Today, BDO USA, LLP has more than 50 offices and more than 400 independent Alliance firm locations nationwide. During this timeframe, BDO International was created and has grown to become the fifth largest accounting and consulting network in the world with 1,118 Member Firm offices in 135 countries.

In February 2009, BDO USA, LLP launched the firm’s first-ever national advertising campaign: "PEOPLE WHO KNOW, KNOW BDO”.

In June 2012, the Monitor (Joseph A. Smith, Jr.) of the National Mortgage Settlement announced he engaged BDO USA, LLP as his primary professional firm. BDO will join the Monitor and his team for a period of three and a half years as they oversee implementation of the historic National Mortgage Settlement involving 49 states, the United States government and five of the nation’s largest banks.

Controversies[edit]

BDO has been involved in a number of engagements which resulted in major litigation and press attention.

Washington, D.C. tax scandal (November 2007-2010)[edit]

A group of DC government employees had embezzled funds by fraudulently issuing real estate tax refund checks to their friends. BDO Seidman was the independent auditor of the DC government's financial records. On November 21, 2007 Reuters wrote “Washington, D.C., officials should fix problems identified in an audit that found the city mishandled millions of dollars, according to Delegate Eleanor Holmes Norton, who represents the U.S. capital in Congress…. The audit, conducted by accounting firm BDO Seidman, LLP, found that financial reporting for the city's school system and Medicaid programs did not match their financial statements, making both areas vulnerable to fraud….Altogether, auditors found more than 160 instances where the city failed to comply with conditions for spending federal money, primarily by misreporting funds and mismanaging cash." As of November 2007, it was estimated that over $30 million were scammed by Washington, DC tax officials since 1999. At the height of the scam, half of the property tax refund checks were fraudulent. The average legitimate check was less than $10,000 while the average scam check was over $300,000. "The scandal may also singe BDO Seidman, a private audit firm that gave [Washington DC CFO Natwar] Gandhi its seal of approval earlier this year. Its auditors were paid millions to go over the city’s books and gave Gandhi’s office an unqualified opinion." In 2010, a mentally ill woman, who was not a DC employee was able to exploit a security loophole in DC's financial systems to file tax returns claiming $19.1 million in refunds.[2]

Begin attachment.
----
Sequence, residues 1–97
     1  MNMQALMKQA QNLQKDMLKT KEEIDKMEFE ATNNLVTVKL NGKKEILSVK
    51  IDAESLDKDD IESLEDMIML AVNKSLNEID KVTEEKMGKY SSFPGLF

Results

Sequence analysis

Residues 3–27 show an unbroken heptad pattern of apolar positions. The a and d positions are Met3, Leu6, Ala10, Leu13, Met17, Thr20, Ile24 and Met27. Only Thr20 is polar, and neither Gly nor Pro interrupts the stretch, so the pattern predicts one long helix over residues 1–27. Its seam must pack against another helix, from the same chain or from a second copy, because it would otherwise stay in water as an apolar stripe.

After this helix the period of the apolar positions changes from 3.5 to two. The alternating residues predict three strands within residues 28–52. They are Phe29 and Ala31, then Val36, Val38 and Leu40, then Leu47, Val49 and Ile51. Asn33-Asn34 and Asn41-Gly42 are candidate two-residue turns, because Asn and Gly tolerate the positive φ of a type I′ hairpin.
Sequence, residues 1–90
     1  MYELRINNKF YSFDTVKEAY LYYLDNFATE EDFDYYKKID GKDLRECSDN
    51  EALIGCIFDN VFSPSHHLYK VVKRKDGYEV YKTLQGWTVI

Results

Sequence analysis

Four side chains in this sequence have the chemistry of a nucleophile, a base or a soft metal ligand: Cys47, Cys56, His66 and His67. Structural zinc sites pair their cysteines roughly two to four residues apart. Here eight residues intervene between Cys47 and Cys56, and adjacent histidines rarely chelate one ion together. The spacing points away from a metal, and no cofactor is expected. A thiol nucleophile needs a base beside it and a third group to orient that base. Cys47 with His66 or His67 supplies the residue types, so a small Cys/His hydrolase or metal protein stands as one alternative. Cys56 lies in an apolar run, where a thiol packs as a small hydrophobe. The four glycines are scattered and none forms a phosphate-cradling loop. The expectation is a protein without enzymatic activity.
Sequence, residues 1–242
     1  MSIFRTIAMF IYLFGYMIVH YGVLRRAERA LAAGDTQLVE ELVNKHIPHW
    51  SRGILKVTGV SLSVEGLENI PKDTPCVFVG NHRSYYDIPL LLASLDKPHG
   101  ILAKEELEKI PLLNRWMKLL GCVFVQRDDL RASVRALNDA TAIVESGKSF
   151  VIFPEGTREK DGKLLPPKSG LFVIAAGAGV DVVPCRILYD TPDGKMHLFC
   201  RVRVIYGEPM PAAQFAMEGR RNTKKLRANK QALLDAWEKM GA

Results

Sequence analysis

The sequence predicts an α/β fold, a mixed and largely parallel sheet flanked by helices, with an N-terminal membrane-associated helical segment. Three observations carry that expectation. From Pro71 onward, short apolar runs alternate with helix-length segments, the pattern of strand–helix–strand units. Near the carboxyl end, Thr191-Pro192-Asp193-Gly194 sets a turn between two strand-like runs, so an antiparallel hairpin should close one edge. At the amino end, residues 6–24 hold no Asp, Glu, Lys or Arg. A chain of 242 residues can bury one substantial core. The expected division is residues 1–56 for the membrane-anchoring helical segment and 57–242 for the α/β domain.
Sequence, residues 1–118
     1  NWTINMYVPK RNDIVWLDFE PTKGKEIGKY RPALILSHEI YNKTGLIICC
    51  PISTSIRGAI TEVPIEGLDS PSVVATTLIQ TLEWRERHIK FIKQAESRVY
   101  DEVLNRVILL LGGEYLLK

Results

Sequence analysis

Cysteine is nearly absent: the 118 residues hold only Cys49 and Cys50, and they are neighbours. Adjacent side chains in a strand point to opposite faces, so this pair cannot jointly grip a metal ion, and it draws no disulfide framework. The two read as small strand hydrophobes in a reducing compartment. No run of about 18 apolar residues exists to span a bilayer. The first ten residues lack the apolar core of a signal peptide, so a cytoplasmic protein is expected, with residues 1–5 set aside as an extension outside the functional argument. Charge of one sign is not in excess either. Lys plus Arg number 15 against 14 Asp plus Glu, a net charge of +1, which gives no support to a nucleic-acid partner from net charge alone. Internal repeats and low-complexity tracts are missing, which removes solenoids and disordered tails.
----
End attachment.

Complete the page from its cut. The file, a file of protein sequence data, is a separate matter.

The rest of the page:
New York Law School and Madoff scandal (December 2008)[edit]

On December 16, 2008, in connection with the Bernard Madoff scandal, the New York Law School filed a lawsuit against J. Ezra Merkin, Ascot Partners, and its auditor BDO Seidman, after losing its $3 million investment in Ascot. The lawsuit charged Merkin with recklessness, gross negligence and breach of fiduciary duties.

[3]

References[edit]

  1. ^ William Seidman, Who Led Cleanup of S&L Crisis, Dies, Bloomberg, May 13, 2009
  2. ^ Neibauer, Michael (February 5, 2010). "Woman worms into D.C. taxpayer accounts". Washington Examiner. Retrieved 2010-12-30. 
  3. ^ Gandel, Stephen (December 17, 2008). "The Madoff Fraud: How Culpable Were the Auditors?". TIME magazine. Retrieved 2010-12-30. 

External links[edit]